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Mapmaker, Make Me a Map

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Summary

Students will identify various landforms on a map. Students will demonstrate an understanding of map keys through creating their own maps.

Coin Type(s)

  • Quarter

Coin Program(s)

  • 50 State Quarters

Objectives

  • Students will identify various landforms on a map.
  • Students will demonstrate an understanding of map keys through creating their own maps.

Major Subject Area Connections

  • Art
  • Language Arts
  • Social Studies

Grades

  • Kindergarten
  • First grade

Class Time

Sessions: Three
Session Length: 20-30 minutes
Total Length: 91-120 minutes

Groupings

  • Whole group
  • Individual work

Background Knowledge

Students should have a basic knowledge of:

  • Maps
  • Land and water features
  • Compass Rose
  • Cardinal directions

Terms and Concepts

  • Quarter
  • Obverse (front)
  • Reverse (back)
  • Map key
  • Symbol

Materials

  • 1 overhead projector
  • Overhead transparencies of the following:
    • “Colorado Quarter Reverse” page (or photocopy)
    • “Map It Out” worksheet
  • “Colorado Quarter Reverse” page
  • “Map It Out” worksheet
  • 1 class map of the United States
  • Color images of Colorado
  • Images of land formations (mountains, rivers, streams, ponds, deserts, lakes, forests, etc.)
  • Crayons and/or colored pencils
  • Chart paper
  • Markers
  • Copies of a text about maps, such as:
    • Me On The Map by Joan Sweeney
    • Mapping Penny’s World by Loreen Leedy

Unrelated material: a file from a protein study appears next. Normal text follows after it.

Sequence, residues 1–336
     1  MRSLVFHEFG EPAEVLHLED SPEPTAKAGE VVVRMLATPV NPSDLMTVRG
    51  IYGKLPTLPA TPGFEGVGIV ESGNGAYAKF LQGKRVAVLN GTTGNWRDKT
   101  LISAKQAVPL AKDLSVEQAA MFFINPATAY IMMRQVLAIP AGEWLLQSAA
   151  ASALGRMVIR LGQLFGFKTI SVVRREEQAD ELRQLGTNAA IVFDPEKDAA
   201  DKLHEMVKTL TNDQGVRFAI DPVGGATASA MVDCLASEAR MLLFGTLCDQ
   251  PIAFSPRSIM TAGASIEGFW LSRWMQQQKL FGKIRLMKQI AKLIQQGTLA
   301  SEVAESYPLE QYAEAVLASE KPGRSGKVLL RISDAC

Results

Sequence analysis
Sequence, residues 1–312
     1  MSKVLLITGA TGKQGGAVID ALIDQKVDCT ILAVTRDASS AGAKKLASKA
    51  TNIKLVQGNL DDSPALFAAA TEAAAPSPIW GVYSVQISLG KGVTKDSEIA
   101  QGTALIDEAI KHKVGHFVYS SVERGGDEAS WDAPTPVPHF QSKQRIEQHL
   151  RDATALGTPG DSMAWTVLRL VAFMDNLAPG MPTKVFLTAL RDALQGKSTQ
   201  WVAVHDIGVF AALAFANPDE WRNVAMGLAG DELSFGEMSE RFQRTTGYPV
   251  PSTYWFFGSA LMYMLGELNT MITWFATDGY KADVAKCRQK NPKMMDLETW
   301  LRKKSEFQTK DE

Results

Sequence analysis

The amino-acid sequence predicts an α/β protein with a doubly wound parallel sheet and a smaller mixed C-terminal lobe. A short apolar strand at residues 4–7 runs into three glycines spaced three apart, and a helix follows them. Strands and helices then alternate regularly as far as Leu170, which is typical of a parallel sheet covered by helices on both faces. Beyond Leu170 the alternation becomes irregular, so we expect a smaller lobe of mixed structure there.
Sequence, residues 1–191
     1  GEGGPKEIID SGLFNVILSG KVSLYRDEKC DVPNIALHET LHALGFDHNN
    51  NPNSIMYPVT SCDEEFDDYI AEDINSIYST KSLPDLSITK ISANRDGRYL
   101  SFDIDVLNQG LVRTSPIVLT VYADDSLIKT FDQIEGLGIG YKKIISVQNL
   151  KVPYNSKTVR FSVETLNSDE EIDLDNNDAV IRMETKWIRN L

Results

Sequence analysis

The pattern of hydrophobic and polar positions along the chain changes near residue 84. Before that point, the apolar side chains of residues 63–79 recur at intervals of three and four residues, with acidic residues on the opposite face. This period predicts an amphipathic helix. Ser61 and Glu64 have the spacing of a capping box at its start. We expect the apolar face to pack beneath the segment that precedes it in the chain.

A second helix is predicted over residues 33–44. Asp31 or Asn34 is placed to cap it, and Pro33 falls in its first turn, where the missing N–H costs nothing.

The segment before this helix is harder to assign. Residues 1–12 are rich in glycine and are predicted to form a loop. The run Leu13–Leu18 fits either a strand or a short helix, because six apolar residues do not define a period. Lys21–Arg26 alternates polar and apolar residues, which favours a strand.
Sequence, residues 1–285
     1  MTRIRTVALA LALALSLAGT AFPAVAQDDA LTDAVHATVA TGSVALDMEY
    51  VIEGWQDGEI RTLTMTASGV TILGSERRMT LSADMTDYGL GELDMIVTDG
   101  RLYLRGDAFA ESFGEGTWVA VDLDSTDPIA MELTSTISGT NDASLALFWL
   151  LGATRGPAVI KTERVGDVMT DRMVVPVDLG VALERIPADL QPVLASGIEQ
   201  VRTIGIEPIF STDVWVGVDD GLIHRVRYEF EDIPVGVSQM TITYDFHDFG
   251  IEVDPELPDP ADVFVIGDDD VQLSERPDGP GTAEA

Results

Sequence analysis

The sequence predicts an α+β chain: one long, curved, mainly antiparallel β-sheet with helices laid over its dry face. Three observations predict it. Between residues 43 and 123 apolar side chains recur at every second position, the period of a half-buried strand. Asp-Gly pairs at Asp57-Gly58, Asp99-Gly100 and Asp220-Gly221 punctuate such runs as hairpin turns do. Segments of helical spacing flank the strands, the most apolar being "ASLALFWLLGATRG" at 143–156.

• There’s a Map in My Lap! By Tish Rabe
    • My Map Book by Sara Fanelli
  • Topographical map of the United States of America (showing landforms and a map key)

Preparations

  • Make copies of the following:
    • “Colorado Quarter Reverse” page (1 per student)
    • “Map It Out” worksheet (1 per student)
  • Make an overhead transparency of each of the following:
    • “Colorado Quarter Reverse” page
    • “Map It Out” worksheet
  • Gather color images of Colorado.
  • Gather images of land formations (see examples under “Materials”).
  • Locate a text that relates to maps (see examples under “Materials”).
  • Locate a topographical map of the United States with land formations and a map key.

Worksheets and Files

Lesson plan, worksheet(s), and rubric (if any) at www.usmint.gov/kids/teachers/lessonPlans/pdf/212.pdf.

Sessions 1

  1. Describe the 50 State Quarters® Program for background information, if necessary, using the example of your own state, if available. Locate Colorado on a classroom map. Note its position in relation to your school’s location.
  2. Display the transparency or photocopy of the “Colorado Quarter Reverse” page, mentioning that the mountain must be special to be on a quarter. Read the coin inscriptions to the class. Discuss why the state motto is “Colorful Colorado.” Show the students color images of Colorado to emphasize the state motto. Have the students identify the images in this coin design, including the trees and the mountain on this coin. Then color the mountain on the transparency or photocopy.